The way that Putin has built his military machine is because for years he has been neglecting the health care, the education, the welfare of the Russian people and shifting the money partly to build himself palaces and yachts, but partly to build tanks and missiles. And this is why such a rich country in resources like Russia provided such poor services so its citizens, because the money went to the army. And now, because of this war, we are seeing more and more countries, unfortunately, copying Putin, also shifting money from healthcare, from education, from welfare to defense, because they have no choice. You have to defend yourself.
And this is a race to the bottom, because if one country increases its defense budgets, then immediately the neighbors start to get worried and they also raise their defense budgets. And then the first country says, hey, now they are doubling their defense budget. I must triple mine.
And all over the world you see this snowball effect, and I hope we can stop it. You know, if Putin is not allowed to win, if Putin loses his war in Ukraine and the world sees that he is losing the war, I think we still have hope of preventing this snowball effect. Because if he loses, you know, it's like any social norm that you break... like you have a bully coming and breaking a social taboo. So everybody is watching to see what will happen.
If the bully gets away with it, then people realize that's it: the social norm has been broken, the order is collapsed and you'll see more and more bullies copying him. You'll see more and more Putins around the world. But if he loses, and if it's clear to everybody that he lost, then the norm actually gets strengthened. But you have dictators around the world looking what happened to him and realizing, no, we shouldn't do this because it will be very costly, it will be very painful for us to do it. So we still have a chance to save the old order and even strengthen it and build a better order. But that depends on the decisions people make.
I mean, as a historian, it's something I keep telling people, is that you can't predict the future because the future is not determined by some laws of history. The future is determined by decisions people make. If now, in the coming weeks and months, people make one type of decisions, there will be one future. If they take different decisions, they'll be a different future. [0 Right in the beginning of the war, you said that Putin has already lost, no matter how successful his military operation is.
Do you still think that the outcome of the war for Putin is undecided? [ I said it in relation to what I understood to be the true war aims of Putin. From the available evidence and from what he himself said, like in the declaration of war, it seemed very clear that the aim of the war was to annihilate the Ukrainian nation. That Putin has built this fantasy in his head. That there is actually no such thing as the Ukrainian nation.
He built this fantasy that Ukrainians that were just Russians, that they want to be part of Russia and that there is only this small gang of Nazis headed by a Jew that is preventing this and in this fantasy that he just needs to invade Ukraine. And within 24 hours, Zelensky will flee the country. The Ukrainian army would surrender and the Ukrainian people who are actually Russians will throw flowers on the Russian tanks and he will rebuild the Russian empire of Stalin and Catherine the Great and Peter the Great.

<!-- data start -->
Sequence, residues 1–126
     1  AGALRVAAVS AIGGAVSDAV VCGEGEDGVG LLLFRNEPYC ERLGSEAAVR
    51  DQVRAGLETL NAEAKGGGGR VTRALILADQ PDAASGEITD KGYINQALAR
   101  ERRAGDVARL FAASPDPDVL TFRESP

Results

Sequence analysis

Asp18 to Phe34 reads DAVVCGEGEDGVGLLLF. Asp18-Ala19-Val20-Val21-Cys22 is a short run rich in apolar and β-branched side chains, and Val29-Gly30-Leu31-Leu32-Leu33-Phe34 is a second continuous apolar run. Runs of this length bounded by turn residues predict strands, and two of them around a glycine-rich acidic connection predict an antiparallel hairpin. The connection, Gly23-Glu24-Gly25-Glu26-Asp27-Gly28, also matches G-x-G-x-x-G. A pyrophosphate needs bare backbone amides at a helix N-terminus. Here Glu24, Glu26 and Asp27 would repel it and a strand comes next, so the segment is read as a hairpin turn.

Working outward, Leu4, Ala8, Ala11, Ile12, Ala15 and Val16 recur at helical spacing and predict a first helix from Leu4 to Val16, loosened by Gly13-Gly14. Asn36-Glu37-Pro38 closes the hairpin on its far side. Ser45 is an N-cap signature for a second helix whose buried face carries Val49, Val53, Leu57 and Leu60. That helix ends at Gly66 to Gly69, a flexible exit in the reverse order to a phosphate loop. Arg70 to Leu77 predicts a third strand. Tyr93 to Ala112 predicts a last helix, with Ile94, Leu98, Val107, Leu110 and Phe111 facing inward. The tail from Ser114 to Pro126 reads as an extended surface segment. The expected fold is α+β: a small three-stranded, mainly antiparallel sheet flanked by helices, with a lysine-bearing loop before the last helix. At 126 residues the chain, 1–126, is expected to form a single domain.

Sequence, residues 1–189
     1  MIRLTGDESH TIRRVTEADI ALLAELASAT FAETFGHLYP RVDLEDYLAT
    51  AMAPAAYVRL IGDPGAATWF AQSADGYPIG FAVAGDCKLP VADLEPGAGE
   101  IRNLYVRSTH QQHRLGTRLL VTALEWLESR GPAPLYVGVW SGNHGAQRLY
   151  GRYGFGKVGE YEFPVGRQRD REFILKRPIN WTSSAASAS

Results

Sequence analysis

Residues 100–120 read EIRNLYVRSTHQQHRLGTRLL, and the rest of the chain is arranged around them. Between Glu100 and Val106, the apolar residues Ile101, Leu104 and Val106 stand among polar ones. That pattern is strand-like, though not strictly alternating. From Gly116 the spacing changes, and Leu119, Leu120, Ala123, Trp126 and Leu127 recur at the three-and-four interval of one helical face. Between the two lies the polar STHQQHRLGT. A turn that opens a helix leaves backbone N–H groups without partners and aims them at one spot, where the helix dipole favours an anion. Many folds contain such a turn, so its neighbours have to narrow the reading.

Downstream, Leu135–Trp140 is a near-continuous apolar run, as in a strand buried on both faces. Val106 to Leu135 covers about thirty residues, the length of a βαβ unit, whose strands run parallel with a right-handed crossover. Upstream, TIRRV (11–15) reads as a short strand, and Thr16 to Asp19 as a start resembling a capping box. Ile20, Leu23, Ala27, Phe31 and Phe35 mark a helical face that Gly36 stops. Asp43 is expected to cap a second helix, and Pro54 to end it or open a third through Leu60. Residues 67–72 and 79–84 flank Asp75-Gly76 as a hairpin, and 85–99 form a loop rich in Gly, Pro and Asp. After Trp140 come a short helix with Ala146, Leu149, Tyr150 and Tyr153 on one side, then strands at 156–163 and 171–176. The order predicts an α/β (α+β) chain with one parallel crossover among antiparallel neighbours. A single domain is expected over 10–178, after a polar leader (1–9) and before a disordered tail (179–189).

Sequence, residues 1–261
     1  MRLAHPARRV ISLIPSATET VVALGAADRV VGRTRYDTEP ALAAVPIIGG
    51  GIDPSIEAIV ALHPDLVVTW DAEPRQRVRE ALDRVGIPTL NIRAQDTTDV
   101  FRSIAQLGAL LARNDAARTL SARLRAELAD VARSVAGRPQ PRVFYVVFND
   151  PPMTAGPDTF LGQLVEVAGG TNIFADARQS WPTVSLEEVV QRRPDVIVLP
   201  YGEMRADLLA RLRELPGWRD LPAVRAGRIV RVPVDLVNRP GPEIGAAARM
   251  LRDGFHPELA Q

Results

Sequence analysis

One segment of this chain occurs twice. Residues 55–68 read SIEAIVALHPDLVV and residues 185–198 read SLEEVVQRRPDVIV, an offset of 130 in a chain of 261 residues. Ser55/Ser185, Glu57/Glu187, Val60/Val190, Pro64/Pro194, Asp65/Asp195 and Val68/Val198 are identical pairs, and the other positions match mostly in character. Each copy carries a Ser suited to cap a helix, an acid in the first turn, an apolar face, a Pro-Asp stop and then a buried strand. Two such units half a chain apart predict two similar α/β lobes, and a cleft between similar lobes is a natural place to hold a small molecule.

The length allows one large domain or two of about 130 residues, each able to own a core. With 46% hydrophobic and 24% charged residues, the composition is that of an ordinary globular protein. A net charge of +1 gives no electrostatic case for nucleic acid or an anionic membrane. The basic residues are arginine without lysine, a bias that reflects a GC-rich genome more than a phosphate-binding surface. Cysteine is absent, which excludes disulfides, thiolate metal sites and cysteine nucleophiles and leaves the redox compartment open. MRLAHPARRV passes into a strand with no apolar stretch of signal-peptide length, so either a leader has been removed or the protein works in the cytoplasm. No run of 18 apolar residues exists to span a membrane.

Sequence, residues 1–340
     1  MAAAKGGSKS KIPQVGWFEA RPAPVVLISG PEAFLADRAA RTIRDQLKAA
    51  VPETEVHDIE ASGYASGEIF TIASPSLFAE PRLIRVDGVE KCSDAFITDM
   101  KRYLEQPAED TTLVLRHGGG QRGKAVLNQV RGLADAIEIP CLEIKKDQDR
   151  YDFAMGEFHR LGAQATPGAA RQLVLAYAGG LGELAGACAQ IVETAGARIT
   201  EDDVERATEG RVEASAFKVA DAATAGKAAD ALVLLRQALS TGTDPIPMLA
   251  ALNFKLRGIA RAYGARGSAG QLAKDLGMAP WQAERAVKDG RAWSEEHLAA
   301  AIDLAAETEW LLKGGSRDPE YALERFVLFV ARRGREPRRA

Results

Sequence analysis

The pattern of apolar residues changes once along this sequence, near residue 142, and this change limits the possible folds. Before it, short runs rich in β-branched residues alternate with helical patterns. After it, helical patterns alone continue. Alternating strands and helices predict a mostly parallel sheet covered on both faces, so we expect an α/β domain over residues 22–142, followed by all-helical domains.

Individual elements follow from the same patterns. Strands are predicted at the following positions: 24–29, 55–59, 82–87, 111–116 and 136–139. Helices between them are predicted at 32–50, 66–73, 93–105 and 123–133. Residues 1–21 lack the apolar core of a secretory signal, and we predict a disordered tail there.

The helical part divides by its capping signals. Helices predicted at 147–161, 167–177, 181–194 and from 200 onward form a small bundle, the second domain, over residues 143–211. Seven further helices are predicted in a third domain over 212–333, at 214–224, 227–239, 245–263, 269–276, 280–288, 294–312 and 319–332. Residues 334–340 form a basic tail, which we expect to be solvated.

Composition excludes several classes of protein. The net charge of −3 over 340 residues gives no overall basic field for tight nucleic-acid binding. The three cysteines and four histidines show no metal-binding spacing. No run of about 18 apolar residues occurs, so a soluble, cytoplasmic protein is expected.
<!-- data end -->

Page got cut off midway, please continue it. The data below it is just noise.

And in this, he completely failed. And it doesn't. And even if he continues to win some battles on the ground and conquers this city or that province. This war aim is unattainable because it's based on a fantasy. What now everybody around the world knows: when the war broke, many people in the world didn't even know where Ukraine is. They weren't even sure.
Is it a real nation? It's not a real nation. No, there is no doubt. Everybody knows that Ukraine is a very real and courageous nation fighting for its life. When the Russians came, Zelensky did not run away. The Ukrainian army is fighting like lions better than anybody expected, and the population is throwing Molotov cocktails on the Russian tanks, not flowers. And, you know, you can still conquer cities and even provinces, but you will never be able to absorb them into Russia and reconstitute the Russian empire in Kiev, in Lviv, in Odessa, because the Ukrainian people just don't want it.
And this was something that was not completely... This was the biggest question mark when the war began. How would the Ukrainian people actually react? And some people, not just Putin. Some people thought they would just do nothing.
They will just accept it like it happened in 2014 in Crimea and in parts of Donbass. This was the biggest question mark. And and now there is no question mark. There is an exclamation mark. It's very clear that the Ukrainians don't want to be part of Russia. And this is something that Putin cannot change.
So his dream of reconstituting the old Russian empire, he just can't accomplish that. And if there is a name that will be written in history on the death certificate of the Russian Empire, it will not be Mikhail Gorbachev. It will be Vladimir Putin. He's the ones that really destroyed any chance of reconstituting the big Russian empire.